Congressme-n voted, might be m
strued by the public.
''Both said thev would resign unless
the chart was changed," Mr. Orth said,
"and an executive tession was called to
discuss it. After the chart was thor?
oughly analyzad the member.-. decided
it was absolutely fair in all particu
lars, and I was authorized to go
with its distribution. Both Mr. Parker
and Mr. Coudert are stiil officials of
War Firnis Ask Hearinc
The question of validating war con?
tracts totalling more than $ t,0
000, made during the stress of war
times without the red tape nec
to observe al! the strict legal formali
ties, has again been raised by the
Chamber of Commerce of Xew" York
State. In a long telegram to the War
Department yesterday the chember
asks that ? commission on appeals be
provided to which contracgors may take
their claims if they ar^ ruled on ad
E. II. Outerbridge, Charles L. Bern
A jjlassof Bordcn's Malted
Milk every afternoon ?
makeit a practicel Tonesup
thc system. AlLfuuntains.
Itisist on Bordcn's ?alj-r.\s.
It's the improved Malted Milk.
heimer and Ju'ius Henry Cohen, who
signed the telegrHm, each declared the
il importance to the
busini i answer to the urgent
ca Is for help made by the War De?
nt. went ahead without wa-ihnir
for i fficial red tape to be unravelled
they are now confronted with ruin
through the possibility of the repudia
tion of those same contracts.
Freedmen's Aid Society Asks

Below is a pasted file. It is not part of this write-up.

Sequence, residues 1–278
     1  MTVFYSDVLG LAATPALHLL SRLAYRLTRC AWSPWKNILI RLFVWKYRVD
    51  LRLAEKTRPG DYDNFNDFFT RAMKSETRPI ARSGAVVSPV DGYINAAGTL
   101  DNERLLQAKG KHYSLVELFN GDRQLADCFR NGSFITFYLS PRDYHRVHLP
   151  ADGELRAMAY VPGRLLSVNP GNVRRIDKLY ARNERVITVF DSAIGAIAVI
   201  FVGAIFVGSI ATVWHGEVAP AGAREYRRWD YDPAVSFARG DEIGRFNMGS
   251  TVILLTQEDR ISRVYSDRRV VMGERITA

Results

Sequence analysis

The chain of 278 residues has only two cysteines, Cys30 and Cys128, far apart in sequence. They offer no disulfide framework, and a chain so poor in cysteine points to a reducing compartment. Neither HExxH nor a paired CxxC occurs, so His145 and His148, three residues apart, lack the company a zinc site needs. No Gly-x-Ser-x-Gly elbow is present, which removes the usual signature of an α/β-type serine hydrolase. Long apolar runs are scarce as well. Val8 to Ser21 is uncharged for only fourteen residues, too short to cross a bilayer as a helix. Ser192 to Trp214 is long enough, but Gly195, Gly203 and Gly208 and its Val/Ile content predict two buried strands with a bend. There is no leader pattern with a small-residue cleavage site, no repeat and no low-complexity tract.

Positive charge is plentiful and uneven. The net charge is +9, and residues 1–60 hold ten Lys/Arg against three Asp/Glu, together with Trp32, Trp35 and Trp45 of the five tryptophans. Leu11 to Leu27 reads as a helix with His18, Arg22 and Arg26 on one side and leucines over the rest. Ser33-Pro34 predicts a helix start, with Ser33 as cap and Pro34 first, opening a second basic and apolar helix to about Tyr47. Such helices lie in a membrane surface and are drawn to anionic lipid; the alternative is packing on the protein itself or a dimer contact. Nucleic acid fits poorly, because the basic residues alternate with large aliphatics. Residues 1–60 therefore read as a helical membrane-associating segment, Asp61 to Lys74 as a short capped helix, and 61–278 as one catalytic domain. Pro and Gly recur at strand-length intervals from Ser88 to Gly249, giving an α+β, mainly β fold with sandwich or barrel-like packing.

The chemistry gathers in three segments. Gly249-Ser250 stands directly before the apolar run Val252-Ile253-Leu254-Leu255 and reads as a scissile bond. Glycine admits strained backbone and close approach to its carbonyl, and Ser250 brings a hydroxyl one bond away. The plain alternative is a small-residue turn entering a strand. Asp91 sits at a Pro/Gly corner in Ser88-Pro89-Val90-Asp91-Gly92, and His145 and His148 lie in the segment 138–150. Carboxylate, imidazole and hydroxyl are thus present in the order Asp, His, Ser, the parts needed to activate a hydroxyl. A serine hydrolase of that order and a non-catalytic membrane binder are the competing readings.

Federal Anti-Lynching Law
CINCINNATI, Jan. 15. The board
of managprs of the Freedmen's Aid
of the Methodist Episcopsl
Church, meeting here, passed a resolu?
tion asking the Congress of the United
States to pass a Federal law for thc
suppression of lynching,
Thc society has at present twenty
two negro educational institutions un
der its care throughout the South. Ap
;,tions aggregating $500,000 were
made to m .. itain work among negroes.
Stari today to buy
War Savings Stamps
An excellent investment
and a patriotic duty
.'--,3 'p'y B
You would have to pay thousands of dollars to get these
great artists to come to your home and entertain you: Caruso,
Alda, Braslau, Calve, Culp, de Gogorza, DeLuca, Elman, Farrar,
Galli-Curci, Garrison, Gluck, Jascha Heifetz, Homer, Journet,
Martinelli, McCormacl Vielba, Murphy, Paderewski, Powell,
Ruffo, Schumann-Heink, Scotti, Sembrich, Tetrazzini, Werren
rath, Whitehill, Witherspoon, and Zimbalist.
But with a Victrola in your home ycu can hear them all_
as often as you like. The beauty and thrilling power of these
famed artists just as though they were actually in your
presence?so lifelike are their Victor Records.
There are Victors and Victrolas in great variety from $12 to $950.
Any Victor dealer will gladiy play for you any music you wish to hear and demon
strtte the Victrola. Saenger Voicc Culturc Records are invaluable to vocal students?
ask to hear them.
Victor Talking Machine Co., Camden, N. J.
Important Notice. Victor Records and Victor Machines are scientifzcally coordinated and synch-oniztd in
the proccsscs of manufacturc, and their use, one with the other, is absolutely essential to a perfect rcproducuoa.
New Victor Records demonstrated n.% all dealcws an tho Ut of each asonth
"Victrola" ia the Retfstered Trzzclemark of tho Victor Tallucs Mcchiae Ctmzpany
de&ignntiag the products cf this Corapaay cniy.
Bill i k . : : :. !
=??:,, ? ???-r?-??'?-?--?-^1